Patti Kletz, a Hillsborough resident, returned to her family's summer house in Ortley Beach, which was filled with mud and mold. Most of the contents needed to be scrapped and her brother, Dean Siegel, said the interior needed to taken down to the studs.
However, they recovered a photo of their dad from 1945 when he entered the Navy, as well as his flag from a home with buckling paneling and furniture tossed about by flood waters from Hurricane Sandy.
Siegel drove from Vermont as soon as he heard people were being permitted to return to their property which their father gave them.
"It's still there. It needs to be gutted, but it's still there," said Kletz, who was among the 700 people who rode the bus to visit properties in parts of Ortley Beach and Lavallette.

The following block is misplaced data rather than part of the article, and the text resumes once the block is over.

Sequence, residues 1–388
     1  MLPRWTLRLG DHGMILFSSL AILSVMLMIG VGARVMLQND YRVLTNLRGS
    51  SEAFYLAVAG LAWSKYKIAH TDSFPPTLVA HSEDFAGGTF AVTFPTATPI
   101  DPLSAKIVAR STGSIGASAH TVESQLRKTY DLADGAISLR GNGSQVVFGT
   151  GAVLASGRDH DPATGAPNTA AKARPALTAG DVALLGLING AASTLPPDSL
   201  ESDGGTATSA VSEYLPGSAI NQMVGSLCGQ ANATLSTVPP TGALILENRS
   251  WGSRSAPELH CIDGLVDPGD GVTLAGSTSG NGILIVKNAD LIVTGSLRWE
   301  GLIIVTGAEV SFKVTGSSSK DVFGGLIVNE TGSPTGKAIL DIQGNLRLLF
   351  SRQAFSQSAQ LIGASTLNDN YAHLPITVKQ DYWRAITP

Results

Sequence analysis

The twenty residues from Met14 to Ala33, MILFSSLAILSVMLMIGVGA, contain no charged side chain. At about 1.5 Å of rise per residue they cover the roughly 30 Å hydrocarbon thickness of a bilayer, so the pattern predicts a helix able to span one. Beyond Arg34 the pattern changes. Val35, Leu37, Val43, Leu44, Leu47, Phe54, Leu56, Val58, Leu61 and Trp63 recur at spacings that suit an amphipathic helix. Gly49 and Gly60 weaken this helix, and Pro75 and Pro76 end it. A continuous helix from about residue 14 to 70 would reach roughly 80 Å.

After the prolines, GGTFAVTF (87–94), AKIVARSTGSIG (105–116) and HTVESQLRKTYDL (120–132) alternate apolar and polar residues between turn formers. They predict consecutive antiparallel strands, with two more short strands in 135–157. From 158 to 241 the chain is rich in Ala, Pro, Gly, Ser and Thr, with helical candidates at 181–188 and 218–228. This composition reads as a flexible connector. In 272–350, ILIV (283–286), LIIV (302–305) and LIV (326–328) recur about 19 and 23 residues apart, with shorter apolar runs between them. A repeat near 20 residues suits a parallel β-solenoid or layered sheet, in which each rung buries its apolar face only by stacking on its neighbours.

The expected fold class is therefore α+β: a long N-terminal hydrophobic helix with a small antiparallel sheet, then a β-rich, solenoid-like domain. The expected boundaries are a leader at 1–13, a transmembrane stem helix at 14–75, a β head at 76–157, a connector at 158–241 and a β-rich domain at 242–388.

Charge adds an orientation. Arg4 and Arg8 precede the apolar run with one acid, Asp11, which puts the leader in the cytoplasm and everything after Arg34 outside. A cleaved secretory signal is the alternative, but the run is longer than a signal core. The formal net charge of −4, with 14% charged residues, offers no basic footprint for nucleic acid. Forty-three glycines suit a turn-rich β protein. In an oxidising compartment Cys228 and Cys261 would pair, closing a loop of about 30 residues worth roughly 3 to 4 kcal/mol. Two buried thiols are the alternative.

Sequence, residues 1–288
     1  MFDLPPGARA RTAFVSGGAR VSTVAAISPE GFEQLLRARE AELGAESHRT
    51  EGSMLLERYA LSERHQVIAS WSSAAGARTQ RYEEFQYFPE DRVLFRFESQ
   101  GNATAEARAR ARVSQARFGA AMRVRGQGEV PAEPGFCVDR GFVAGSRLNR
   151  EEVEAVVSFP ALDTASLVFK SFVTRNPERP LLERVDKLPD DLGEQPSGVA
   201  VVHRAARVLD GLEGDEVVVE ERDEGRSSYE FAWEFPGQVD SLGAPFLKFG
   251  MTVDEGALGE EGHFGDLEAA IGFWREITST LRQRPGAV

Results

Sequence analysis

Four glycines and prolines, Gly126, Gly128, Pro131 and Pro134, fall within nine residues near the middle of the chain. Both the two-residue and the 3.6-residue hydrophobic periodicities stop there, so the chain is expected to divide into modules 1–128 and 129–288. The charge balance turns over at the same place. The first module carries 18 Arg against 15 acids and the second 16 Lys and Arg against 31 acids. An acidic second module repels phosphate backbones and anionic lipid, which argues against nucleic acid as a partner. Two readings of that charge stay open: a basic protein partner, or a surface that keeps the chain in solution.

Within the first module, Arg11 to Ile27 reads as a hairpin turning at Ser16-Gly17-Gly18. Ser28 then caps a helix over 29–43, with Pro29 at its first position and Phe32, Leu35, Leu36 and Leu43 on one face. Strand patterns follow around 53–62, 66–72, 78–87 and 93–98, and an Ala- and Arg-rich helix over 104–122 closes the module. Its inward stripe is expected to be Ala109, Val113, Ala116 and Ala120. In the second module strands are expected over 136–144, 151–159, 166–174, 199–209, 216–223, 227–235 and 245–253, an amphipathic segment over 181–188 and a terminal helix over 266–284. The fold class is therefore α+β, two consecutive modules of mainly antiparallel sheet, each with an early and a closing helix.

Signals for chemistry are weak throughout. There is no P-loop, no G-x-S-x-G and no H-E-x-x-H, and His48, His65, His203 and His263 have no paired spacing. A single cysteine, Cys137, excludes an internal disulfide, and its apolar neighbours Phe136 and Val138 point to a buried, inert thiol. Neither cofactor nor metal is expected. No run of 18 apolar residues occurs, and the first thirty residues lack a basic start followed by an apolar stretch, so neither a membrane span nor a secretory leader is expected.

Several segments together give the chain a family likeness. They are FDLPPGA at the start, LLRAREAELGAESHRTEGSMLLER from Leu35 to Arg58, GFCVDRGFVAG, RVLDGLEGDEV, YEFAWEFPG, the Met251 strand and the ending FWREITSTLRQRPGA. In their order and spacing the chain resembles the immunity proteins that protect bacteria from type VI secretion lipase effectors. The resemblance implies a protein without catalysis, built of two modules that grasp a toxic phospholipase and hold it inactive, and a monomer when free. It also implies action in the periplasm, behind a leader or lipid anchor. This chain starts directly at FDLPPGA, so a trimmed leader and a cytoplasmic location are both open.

The extent of the devastation has surprised people, despite seeing pictures of the damage.
"They went over thinking one thing and they came back thinking differently," said Sgt. Shaun O'Keeffe, who was manning the FEMA center with other officers -- some of whom are working while dealing with their own property losses. "They can see what we're up against. The people of Toms River have been great considering all of this."
The FEMA Disaster Recovery Center at Bellcrest Plaza on Fischer Boulevard has been where residents have boarded 12 school buses to return to their properties.
Kelly Barr, an Ortley Beach resident, said she didn't lose any property since her apartment with her sister was on the second floor, but the bagel shop below her apartment on Route 35 had seven feet of water. She spent her 30th birthday on Chadwick Beach Island during the height of Sandy and said, "It felt like I was living in a houseboat."
Catherine's on the Ocean, where she worked, washed away with the Surf Club.
"There is nothing I can do now," said Barr, who is staying with friends in Point Pleasant Beach.
"I love the way New Jersey has pulled together," Barr said. "There is a lot more to be done, but what they have done so far is remarkable and gives us hope for the future."